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Title

Social and individual features affecting natal dispersal in the colonial Lesser Kestrel

AuthorsSerrano, David ; Tella, José Luis ; Donázar, José A. ; Pomarol, Manel
Issue Date2003
PublisherEcological Society of America
CitationEcology 84: 3044- 3054 (2003)
AbstractCauses of natal dispersal were studied in an isolated population of the migratory, facultatively colonial Lesser Kestrel (Falco naumanni) in northeastern Spain. During a seven-year study, we gathered information on natal dispersal of 751 individuals and on 24 explanatory variables that evaluated individual traits, conspecific cues in terms of colony size, and different ecological and populational features. We examined separately whether or not individuals changed colonies and how far they moved. Dispersal from the natal colony was high (83%), and dispersers covered a median distance of 7225 m (range 112-136 500 m). The probability of natal dispersal decreased with the size of the natal colony and with the distance to the nearest colony, but not with the distance to unoccupied buildings, in the year of recruitment. Moreover, the shorter the distance to the nearest colony, the shorter the distances that individuals dispersed, particularly to large colonies (>10 pairs). These results support the conspecific attraction hypothesis. Accordingly, the probability of recruiting in the natal colony increased with the proportion of philopatric adults, although beyond a threshold individuals were prevented from recruiting by the more dominant adults in a despotic way. The timing of arrival from the wintering grounds was positively related to the probability of colony change, especially in males. To the extent that this variable is related to the phenotypic quality of individuals, it reinforces the idea that natal dispersal is shaped by intraspecific competition in crowded colonies. Males showed lower frequencies of colony change and dispersed shorter distances than did females, as explained by the different role of the sexes in nest acquisition and defense. Our results indicate that natal dispersal is an evolutionarily labile trait simultaneously influenced by ecological, social, and individual features both within and between populations.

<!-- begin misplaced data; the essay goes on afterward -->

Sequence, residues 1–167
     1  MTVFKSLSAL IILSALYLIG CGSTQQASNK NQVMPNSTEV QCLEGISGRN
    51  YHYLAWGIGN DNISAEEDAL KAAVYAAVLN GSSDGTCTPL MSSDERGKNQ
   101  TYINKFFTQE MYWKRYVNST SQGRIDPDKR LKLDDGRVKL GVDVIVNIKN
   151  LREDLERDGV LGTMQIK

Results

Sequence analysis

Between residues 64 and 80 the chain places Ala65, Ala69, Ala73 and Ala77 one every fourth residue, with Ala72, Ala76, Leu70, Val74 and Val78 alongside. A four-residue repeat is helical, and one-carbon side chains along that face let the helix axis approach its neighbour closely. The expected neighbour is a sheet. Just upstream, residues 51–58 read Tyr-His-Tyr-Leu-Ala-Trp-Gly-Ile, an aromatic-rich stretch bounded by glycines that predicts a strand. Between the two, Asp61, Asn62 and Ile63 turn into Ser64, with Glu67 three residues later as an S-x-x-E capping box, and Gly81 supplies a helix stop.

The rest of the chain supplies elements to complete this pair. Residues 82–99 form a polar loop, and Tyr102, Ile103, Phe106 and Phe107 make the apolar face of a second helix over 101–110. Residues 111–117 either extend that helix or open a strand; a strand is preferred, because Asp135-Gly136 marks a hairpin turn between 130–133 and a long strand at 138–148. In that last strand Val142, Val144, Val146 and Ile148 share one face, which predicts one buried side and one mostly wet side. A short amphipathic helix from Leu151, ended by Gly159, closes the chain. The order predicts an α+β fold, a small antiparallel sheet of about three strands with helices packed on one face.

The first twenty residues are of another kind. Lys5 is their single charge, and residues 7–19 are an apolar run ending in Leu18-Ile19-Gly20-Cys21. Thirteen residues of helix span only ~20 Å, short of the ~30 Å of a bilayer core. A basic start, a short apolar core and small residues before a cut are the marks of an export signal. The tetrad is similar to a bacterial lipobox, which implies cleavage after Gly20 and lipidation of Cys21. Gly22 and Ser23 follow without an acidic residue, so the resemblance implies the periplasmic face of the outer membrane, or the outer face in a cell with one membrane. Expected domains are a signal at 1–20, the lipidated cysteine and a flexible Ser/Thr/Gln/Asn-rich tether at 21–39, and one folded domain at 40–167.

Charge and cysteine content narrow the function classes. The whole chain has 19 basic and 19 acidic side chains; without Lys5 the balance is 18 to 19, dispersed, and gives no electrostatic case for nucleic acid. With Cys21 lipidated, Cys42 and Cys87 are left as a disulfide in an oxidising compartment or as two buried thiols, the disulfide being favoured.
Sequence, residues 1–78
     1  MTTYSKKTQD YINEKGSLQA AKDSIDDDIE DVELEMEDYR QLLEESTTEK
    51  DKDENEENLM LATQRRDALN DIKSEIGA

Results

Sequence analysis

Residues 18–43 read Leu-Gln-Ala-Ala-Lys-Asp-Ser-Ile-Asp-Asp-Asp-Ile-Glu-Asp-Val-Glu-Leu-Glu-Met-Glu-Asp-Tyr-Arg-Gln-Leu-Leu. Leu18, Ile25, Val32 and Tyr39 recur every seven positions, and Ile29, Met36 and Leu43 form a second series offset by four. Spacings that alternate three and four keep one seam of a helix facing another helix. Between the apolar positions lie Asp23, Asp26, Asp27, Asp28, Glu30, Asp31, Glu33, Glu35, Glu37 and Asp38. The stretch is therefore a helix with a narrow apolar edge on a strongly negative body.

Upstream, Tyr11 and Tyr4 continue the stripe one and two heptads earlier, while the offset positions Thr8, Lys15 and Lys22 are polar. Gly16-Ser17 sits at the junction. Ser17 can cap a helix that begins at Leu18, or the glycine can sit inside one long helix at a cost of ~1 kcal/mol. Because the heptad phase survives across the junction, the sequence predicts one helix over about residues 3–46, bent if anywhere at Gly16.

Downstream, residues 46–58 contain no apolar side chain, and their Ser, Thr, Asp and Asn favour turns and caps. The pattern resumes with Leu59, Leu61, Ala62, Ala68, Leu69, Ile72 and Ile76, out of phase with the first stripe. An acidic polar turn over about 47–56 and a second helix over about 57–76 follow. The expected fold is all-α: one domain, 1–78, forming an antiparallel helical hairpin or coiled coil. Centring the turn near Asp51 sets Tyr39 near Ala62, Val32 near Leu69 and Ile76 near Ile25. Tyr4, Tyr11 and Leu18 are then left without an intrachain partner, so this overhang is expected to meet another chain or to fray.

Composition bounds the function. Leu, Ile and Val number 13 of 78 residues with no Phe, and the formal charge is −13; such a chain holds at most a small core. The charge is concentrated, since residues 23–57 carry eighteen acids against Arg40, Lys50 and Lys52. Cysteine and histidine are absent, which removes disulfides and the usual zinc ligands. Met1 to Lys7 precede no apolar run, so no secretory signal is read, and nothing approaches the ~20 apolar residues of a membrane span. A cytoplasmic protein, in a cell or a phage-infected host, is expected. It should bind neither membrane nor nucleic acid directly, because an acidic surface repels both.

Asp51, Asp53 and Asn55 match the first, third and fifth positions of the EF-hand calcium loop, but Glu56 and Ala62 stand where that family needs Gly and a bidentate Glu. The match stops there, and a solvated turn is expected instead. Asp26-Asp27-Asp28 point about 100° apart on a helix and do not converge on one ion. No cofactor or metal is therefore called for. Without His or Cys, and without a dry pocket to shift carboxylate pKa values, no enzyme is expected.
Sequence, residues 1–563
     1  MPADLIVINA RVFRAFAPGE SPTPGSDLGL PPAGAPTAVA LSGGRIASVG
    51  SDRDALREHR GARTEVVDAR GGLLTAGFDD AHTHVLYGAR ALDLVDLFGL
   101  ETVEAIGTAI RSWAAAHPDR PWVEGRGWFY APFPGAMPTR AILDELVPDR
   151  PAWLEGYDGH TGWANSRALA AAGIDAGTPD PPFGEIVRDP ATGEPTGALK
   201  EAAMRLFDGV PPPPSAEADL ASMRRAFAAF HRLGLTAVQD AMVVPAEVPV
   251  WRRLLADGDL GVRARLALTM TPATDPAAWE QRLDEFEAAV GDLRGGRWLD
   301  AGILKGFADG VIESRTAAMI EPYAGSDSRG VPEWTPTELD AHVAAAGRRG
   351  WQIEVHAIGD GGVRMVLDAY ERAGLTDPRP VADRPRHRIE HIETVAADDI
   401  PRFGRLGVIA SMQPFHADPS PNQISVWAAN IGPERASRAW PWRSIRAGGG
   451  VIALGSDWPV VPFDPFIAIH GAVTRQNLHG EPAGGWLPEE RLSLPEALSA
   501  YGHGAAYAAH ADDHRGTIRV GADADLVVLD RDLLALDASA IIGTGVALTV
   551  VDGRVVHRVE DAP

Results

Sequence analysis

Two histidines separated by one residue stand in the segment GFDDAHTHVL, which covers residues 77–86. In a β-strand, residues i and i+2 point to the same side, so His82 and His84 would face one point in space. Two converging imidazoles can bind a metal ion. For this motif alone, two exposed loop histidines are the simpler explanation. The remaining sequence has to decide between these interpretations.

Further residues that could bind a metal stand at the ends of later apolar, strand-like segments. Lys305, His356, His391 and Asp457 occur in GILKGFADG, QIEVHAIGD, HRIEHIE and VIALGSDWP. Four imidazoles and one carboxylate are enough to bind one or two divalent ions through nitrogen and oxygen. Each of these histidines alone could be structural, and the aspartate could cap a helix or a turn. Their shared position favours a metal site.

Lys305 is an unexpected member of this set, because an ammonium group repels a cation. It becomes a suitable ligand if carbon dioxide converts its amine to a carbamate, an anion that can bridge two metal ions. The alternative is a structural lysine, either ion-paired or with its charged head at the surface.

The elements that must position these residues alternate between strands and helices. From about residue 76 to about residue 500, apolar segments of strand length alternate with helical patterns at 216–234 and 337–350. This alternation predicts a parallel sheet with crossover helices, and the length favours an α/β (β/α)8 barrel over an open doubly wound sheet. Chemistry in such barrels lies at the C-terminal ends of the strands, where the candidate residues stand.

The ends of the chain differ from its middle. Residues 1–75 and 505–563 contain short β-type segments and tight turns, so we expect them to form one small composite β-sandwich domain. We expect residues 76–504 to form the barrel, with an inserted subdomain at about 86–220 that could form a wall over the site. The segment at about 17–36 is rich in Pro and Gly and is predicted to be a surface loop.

URIhttp://hdl.handle.net/10261/58155
DOI10.1890/02-0231
Identifiersdoi: 10.1890/02-0231
issn: 0012-9658
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